Feb 04 2021

Tips for Preventing Ransomware During Remote Learning

Here are some key strategies for building a solid ransomware prevention and response plan.

University leaders had to reckon with their IT departments’ need for more manpower last spring, when higher education IT administrators transitioned from managing devices on one network to managing a complicated web of networks across the nation. About a year later, many colleges and universities still find themselves lacking when it comes to having the right IT support to secure remote work.

“Few IT departments will have increased resources to address expanded expectations,” notes an EDUCAUSE report on 2021’s top IT issues. “Stakeholders will need to choose the highest priorities, and institutions with effective IT governance will find it easier to prioritize demand.”

One key area of focus that universities and colleges should continue prioritizing is ransomware prevention. Higher education institutions should not expect to see a decline in these types of malware activity anytime soon. On the contrary, ransomware remains a huge threat to higher education business continuity, as one attack can delay classes for weeks. As IT departments assess their cybersecurity protocols in 2021, here are some key strategies for helping university leaders ensure they have a proactive ransomware prevention and response plan.

Create a Proactive Malware Prevention Plan

Strong security strategies must prioritize prevention. Consider which measures and policies your organization can implement now to prevent — and prepare for —potential ransomware attacks.

For example, having detailed guidelines documenting who has administrative access to sensitive information can help you detect vulnerabilities before they get exploited.

MORE ON EDTECH: Download the checklist you need to build a defense-in-depth strategy.

Even in the event of the worst-case scenario, never pay the ransom. The U.S. Treasury Department issued a warning last October that organizations could face legal ramifications for paying.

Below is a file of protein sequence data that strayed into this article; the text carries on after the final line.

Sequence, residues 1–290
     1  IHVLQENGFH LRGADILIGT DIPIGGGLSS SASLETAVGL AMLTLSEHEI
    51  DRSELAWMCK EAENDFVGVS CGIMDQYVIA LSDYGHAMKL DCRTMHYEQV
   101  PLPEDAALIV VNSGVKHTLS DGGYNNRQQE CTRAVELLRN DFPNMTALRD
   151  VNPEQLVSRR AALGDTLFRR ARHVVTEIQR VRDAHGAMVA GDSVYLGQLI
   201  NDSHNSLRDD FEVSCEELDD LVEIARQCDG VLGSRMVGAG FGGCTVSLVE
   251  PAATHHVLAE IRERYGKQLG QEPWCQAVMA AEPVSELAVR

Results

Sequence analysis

Automate Security Processes For Today’s Remote World — and Beyond

To help employees thrive remotely, IT teams must expect the unexpected. While remote work isn’t new, the scale is certainly unprecedented for most higher education institutions.

IT teams working in education are typically accustomed to preparing for attacks that occur within university networks. However, this is not good enough anymore in a distributed education system. Whenever IT resources are scarce, automation can help.

It is very costly to have dedicated IT support working at all times of the day. By automating certain processes and procedures, organizations can be more resilient against cyberattacks, gain much faster response times and realize cost-saving benefits.

For example, consider adopting a service desk application to help the IT department automate tasks. Doing so would enable instructors to easily access files they would otherwise need to access through IT. It’s like an IT self-service solution.

This also frees up time for small IT teams who have to focus on much higher priorities. No matter what happens in the coming semesters, automation will be critical to helping IT departments manage day-to-day needs — without jeopardizing higher security priorities.

Think Like a Hacker: Know What to Prioritize

Prioritizing comprehensive patch management — and vulnerability scanning ­— is critical to preventing ransomware attacks. Cybercriminals who cash out on ransoms have largely targeted organizations without the latest endpoint patches.

MORE ON EDTECH: Download our white paper on next-generation endpoint protection.

This is another example where automation can help. To ensure devices are safe, consider taking a proactive approach with automated patching.

IT employees should also be actively educating themselves on the latest solution updates. Higher education institutions that do not patch or update software regularly are likely inviting trouble.

As technology adoption in education continues to grow, universities and colleges must never stop enhancing their cybersecurity strategies. Regardless of whether courses are remote, in person or a hybrid, higher education leaders must protect confidential student and faculty data. While some institutions plan to reopen campuses fully, the events of 2020 have made this much clear: The brick-and-mortar approach to security is no longer viable.

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